Listening to Depression: What It Might Be Trying to Tell Lawyers Who Suffer From It

This guest blog is from Dr. Lara Honos-Webb, a clinical psychologist and author of the book, “Listening to Depression: How Understanding Your Pain Can Heal Your Life.” I also write below about what listening to depression has meant in my own own life as a lawyer.

Why are lawyers so depressed these days?

The rates of depression and substance abuse problems are skyrocketing according to recent media reports and research. Can depression be seen as a break-down in the service of offering you an opportunity for a break-through? If depression offers corrective feedback to lawyers, what might it be telling you?

We only reflect on those things that break down in our life. For example, if life is going along smoothly you won’t spend time thinking about the meaning of life. You tend to think deeply about life when something is not working. When we identify a problem, we begin to reflect on what caused the problem and how to fix the problem. If you are disconnected from your deepest feelings and impulses you may still manage to get through life without realizing that your life is off track.

Depression makes it tough to function as a lawyer

One of the defining features of depression is that it results in impairment in social and professional functioning. You may feel blue, begin to lose interest in some aspects of your life, but this will not be diagnosed as depression unless a marked impairment in day-to-day functioning is evident. It is this aspect of depression, by definition an impairment, that seems on the face of it most difficult to reconcile with the idea that depression is a gift.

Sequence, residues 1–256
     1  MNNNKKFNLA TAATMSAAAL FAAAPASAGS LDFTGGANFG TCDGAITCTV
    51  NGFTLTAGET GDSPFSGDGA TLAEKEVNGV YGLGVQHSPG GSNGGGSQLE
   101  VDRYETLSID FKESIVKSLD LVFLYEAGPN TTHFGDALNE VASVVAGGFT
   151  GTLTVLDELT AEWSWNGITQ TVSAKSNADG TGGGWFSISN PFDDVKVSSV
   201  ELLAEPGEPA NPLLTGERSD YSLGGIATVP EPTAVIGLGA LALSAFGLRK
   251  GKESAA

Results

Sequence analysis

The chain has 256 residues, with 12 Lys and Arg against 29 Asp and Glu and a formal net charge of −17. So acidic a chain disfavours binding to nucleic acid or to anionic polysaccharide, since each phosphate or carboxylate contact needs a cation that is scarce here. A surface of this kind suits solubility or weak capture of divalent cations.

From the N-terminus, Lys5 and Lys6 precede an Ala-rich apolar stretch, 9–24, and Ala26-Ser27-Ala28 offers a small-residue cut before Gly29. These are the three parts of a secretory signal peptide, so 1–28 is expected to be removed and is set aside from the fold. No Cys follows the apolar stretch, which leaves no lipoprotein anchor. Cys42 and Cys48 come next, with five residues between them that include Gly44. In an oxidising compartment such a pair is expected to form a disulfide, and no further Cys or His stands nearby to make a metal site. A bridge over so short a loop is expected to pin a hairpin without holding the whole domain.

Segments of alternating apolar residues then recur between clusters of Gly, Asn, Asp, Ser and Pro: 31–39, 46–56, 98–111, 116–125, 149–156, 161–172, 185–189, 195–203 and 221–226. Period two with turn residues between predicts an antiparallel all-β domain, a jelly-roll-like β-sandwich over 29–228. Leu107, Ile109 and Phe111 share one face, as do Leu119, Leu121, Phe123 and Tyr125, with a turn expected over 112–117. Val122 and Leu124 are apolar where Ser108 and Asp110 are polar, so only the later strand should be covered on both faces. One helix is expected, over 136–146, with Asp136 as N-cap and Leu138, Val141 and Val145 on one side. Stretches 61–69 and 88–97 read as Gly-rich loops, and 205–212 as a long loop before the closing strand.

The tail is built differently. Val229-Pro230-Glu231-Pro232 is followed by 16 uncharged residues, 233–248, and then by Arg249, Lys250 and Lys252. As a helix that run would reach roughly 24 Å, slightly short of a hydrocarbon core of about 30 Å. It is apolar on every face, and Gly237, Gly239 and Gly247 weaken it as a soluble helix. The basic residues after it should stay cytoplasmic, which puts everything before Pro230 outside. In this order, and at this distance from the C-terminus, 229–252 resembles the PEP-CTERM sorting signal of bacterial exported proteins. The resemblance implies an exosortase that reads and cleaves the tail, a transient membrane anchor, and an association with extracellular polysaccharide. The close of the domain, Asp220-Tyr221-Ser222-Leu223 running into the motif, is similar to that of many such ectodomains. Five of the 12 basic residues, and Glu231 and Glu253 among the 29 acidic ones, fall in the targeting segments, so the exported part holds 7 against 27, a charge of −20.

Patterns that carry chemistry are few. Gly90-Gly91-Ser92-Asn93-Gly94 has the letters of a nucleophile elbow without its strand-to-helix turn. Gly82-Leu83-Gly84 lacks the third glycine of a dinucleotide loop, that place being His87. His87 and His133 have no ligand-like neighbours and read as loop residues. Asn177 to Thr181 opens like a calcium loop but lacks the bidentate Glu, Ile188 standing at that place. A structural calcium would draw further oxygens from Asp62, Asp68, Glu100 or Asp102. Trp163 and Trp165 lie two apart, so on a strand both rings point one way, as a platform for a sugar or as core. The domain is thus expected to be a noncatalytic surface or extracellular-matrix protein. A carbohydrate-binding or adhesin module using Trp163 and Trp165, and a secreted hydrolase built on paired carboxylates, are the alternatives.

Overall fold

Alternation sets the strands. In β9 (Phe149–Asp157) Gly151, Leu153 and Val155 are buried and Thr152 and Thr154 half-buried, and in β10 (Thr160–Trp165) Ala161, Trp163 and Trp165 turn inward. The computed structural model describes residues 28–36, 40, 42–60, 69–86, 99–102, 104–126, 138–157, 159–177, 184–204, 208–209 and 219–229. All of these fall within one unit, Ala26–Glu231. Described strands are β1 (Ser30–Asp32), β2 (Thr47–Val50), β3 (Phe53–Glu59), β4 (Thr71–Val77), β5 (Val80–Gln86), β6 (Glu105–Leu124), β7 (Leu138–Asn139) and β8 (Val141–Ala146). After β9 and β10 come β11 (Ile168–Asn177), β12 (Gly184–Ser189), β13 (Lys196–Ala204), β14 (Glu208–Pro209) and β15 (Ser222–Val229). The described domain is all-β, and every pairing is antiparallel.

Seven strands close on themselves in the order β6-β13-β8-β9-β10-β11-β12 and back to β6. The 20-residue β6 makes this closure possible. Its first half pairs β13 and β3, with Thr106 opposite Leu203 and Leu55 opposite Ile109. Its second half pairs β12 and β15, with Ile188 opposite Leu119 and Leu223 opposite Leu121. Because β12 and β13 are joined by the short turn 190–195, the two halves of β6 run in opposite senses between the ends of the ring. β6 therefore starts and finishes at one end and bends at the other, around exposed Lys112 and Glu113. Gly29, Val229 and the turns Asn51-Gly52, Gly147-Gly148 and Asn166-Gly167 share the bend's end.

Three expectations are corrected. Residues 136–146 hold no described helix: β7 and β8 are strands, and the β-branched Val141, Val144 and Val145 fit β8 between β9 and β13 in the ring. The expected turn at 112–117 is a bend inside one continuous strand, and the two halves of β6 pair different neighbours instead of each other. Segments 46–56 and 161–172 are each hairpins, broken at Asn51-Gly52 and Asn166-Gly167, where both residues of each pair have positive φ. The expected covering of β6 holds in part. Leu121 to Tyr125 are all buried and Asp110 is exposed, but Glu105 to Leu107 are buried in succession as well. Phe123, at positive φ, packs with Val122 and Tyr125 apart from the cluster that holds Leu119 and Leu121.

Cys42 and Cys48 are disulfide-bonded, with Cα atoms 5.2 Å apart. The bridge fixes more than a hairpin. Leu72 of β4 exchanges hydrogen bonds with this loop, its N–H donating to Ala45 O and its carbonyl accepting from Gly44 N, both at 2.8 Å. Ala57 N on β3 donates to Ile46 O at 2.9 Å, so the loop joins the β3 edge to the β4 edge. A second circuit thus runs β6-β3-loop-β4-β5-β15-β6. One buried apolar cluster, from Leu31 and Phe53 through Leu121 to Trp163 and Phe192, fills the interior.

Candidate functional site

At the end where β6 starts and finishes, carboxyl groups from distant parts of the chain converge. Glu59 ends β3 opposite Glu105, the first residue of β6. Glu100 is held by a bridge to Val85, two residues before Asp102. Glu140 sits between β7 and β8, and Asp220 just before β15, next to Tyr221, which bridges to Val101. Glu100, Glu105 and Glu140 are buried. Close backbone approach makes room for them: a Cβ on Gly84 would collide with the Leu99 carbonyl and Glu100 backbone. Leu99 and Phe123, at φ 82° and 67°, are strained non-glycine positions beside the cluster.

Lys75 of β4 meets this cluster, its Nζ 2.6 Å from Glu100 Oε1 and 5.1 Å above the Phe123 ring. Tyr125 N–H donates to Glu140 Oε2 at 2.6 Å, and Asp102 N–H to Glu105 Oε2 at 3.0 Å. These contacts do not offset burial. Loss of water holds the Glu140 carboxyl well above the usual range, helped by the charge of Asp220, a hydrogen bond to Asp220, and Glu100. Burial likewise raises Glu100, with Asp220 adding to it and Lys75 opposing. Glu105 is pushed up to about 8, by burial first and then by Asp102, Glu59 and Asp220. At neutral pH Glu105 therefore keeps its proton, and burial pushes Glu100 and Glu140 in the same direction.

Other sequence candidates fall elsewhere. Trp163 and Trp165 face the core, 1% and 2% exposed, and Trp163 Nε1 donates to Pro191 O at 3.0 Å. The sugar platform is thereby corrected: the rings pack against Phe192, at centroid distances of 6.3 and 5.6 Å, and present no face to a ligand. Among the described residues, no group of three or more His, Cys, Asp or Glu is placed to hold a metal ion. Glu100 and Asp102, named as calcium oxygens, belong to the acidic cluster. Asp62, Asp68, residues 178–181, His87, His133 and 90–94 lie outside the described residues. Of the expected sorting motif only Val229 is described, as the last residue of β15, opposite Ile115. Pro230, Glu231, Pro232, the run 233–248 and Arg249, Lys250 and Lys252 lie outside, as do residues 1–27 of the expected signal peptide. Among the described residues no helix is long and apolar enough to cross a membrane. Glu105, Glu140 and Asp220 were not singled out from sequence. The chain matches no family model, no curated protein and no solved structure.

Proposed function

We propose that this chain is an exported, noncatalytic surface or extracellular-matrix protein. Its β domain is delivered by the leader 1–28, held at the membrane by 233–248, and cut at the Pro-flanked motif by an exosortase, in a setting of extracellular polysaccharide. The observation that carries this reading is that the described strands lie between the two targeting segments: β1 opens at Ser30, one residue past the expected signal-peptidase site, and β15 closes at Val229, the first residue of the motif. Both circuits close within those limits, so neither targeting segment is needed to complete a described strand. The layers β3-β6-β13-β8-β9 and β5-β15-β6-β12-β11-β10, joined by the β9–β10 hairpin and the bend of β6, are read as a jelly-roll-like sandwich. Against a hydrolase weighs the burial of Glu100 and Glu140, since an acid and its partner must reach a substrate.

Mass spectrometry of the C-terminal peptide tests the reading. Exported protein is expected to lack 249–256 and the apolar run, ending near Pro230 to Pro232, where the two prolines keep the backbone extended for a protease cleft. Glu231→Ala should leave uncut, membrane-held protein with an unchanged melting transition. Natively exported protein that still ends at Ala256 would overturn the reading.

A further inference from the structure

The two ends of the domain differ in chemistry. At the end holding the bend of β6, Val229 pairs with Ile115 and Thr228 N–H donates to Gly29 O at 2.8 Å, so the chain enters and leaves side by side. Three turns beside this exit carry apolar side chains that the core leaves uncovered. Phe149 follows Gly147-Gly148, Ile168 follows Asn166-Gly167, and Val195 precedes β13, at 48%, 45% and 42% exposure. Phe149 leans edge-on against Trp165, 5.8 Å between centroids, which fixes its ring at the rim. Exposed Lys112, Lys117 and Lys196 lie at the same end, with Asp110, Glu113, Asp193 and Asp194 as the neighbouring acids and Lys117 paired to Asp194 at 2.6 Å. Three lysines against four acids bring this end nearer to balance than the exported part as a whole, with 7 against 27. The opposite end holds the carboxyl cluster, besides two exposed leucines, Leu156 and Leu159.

But if you begin to open to the possibility that there was something fundamentally wrong with your level of functioning before your depression, only then does the idea of depression as a gift begin to make sense. A bread-down can become a gift when it is in the service of increasing reflection on your life which will lead to ask the fundamentally important questions:

What is wrong with my life? What can I do to correct the problem?

When you listen to your depression, you can hear your life.

What do lawyers need to hear to heal their lives? One message might be that money is no substitute for meaning. Many lawyers chose the profession as a path toward material success. Great wealth offers opportunities for great joy and liberation from financial stressors. Depression may be telling you, “Now you’ve got the money, time to go for the meaning.” The problem with the rat race is that no one tells us where the finish line is. Depression may be telling you “nothing is missing, it’s time to enjoy my wealth.”

Other lawyers may find their financial success to be the proverbial “golden handcuffs.” You may have created a lifestyle that forces you to work around the clock to sustain it. In this case depression may be telling you to find some balance. Depression may force you to gain perspective. If your professional life becomes impaired, you may be forced to see that it might be better to scale back your spending so you can put more “life” in your lifestyle.

Many lawyers may find themselves depressed simply because they are far outside of their “sweet spot.” Your sweet spot is that place where your passion meets your purpose. The quickest way to heal your life and heal your depression, is to find your sweet spot and start moving toward it.

A friend of mine learned she loved medicine after she graduated from Harvard Law School. She worked as a lawyer for the American Medical Association. Sometimes lawyers feel that by working with the underprivileged they are fulfilling their purpose. Don’t forget to put the “sweet” back in the sweet spot. This means you have to love what you do and do it because it enlivens you. If your work is a constant strain, it’s a signal that even if it’s a noble job – – it might not be for you. Depression is a call to break-through to a life of both passion and purpose.